I would expect the European sector to push pretty hard for opportunities in the U.S. In California, it’s anticipated that the state will issue a procurement for the system to be provided by an outside vendor, and I would think that the famous players in Europe would be competing against U.S. suppliers of similar systems.
Similar to lottery systems in the U.S., there would be one system per state that would be authorized to conduct regulated poker, and there would be significant competition for the right to provide and operate the system for each state.
Mark Hichar | Attorney, Edwards Angell Palmer & Dodge
Immediately comes California -- that is open and shut. Then it will be light years to the next state. Next would be Nevada, and New Jersey might be willing, but it would be on the back burner.
California is in a different position, I think, because it really wants to legalize intrastate Internet poker, and I think they’ll make a fortune. Nevada could, of course, regulate the whole thing. New Jersey would probably concentrate on slot and video terminals.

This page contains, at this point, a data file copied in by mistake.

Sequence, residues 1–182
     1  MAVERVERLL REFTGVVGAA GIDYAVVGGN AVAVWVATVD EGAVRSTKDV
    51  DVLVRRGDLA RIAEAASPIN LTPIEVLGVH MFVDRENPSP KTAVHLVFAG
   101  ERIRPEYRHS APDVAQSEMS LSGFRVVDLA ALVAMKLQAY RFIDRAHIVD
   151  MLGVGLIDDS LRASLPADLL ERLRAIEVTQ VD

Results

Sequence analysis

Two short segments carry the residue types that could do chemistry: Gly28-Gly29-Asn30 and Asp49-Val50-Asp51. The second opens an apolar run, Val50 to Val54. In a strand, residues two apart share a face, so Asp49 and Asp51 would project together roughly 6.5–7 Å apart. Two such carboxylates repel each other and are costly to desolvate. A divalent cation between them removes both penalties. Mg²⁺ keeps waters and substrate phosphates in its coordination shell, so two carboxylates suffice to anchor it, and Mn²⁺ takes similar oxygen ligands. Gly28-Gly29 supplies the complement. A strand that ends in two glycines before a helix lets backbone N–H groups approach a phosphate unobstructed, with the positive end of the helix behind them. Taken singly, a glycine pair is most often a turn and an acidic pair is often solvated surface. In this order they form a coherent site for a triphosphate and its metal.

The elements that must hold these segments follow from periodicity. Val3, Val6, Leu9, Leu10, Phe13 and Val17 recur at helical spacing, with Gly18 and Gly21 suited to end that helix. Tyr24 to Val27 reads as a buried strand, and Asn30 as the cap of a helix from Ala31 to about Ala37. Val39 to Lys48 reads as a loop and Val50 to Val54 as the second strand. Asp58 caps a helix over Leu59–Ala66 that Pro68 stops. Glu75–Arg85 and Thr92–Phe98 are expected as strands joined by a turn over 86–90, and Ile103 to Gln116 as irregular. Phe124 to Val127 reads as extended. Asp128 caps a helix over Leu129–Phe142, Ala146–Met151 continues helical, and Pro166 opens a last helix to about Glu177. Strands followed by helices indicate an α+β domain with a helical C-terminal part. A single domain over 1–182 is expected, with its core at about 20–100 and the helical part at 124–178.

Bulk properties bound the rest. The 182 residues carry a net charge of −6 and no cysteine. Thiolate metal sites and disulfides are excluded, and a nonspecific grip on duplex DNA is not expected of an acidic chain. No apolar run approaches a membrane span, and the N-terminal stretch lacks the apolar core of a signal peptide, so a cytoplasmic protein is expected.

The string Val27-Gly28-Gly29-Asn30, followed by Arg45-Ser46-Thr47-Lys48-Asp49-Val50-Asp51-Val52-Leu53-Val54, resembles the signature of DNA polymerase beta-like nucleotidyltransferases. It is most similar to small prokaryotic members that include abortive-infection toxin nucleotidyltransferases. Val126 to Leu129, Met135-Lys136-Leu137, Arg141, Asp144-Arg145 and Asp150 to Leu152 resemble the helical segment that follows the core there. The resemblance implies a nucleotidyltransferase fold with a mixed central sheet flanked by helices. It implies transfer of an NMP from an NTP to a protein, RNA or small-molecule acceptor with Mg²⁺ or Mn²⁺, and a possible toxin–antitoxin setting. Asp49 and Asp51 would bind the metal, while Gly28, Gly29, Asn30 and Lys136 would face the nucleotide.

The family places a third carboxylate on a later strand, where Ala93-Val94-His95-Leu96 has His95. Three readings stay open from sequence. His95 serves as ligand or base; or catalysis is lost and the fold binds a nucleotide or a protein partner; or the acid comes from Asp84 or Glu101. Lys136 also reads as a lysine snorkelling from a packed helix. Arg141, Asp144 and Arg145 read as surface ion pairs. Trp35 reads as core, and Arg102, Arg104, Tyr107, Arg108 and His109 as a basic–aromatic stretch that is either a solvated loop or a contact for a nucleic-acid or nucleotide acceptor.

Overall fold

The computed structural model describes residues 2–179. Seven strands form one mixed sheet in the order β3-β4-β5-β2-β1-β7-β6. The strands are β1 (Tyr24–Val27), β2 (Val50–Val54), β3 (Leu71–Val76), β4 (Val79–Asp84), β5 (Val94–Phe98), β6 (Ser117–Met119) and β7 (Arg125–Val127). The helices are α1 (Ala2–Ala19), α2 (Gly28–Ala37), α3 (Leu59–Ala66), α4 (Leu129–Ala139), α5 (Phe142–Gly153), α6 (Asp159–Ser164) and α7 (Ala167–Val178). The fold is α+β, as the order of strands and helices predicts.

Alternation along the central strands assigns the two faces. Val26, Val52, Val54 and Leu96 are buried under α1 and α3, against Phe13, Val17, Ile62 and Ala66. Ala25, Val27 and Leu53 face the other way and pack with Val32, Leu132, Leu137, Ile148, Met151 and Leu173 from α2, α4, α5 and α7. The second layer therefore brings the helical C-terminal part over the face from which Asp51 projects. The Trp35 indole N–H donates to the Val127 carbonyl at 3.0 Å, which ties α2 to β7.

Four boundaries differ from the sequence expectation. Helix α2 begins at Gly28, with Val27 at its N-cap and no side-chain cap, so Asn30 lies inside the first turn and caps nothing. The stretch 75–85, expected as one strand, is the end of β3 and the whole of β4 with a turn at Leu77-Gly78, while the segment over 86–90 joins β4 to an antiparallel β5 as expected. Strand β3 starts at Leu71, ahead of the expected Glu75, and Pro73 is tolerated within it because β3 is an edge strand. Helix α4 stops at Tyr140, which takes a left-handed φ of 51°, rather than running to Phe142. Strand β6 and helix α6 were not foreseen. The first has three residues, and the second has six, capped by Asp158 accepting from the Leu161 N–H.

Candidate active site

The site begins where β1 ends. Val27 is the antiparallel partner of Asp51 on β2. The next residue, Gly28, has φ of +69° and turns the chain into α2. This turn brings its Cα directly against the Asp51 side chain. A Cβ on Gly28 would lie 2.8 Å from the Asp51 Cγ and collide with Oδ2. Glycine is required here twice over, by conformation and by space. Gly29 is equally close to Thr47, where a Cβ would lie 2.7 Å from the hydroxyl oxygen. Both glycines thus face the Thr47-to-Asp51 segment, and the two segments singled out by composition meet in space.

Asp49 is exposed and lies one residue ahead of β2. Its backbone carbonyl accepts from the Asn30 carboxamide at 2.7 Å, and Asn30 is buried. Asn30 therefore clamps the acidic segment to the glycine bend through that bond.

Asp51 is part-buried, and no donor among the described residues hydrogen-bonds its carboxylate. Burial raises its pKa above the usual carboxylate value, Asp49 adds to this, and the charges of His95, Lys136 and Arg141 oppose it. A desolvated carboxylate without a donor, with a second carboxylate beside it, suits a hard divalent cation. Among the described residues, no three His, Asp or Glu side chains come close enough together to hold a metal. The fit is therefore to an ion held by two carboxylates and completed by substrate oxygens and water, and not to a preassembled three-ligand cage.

As for what games could generate the most returns for these states, in California, it’s definitely poker. In Nevada it’s hard to say because studies have shown that Internet gambling doesn’t seem to be that popular. In New Jersey, as I mentioned, I would think they would concentrate on slots and video terminals, although this would have to be done in cooperation with the casinos.
I think it would be very, very hard for the European commercial sector to get involved in the states that regulated Internet gambling. Let’s just say California sets up intrastate Internet poker, and let’s assume the Department of Justice under President Obama doesn’t object because they might just be that much less interested. But once you start accepting customers from outside of California, it might open concern with the Department of Justice that this is something that’s gone beyond intrastate. So, legislators would be taking a risk, but they could make an awful lot of money.
Joseph Kelly | Business Professor, State University of New York at Buffalo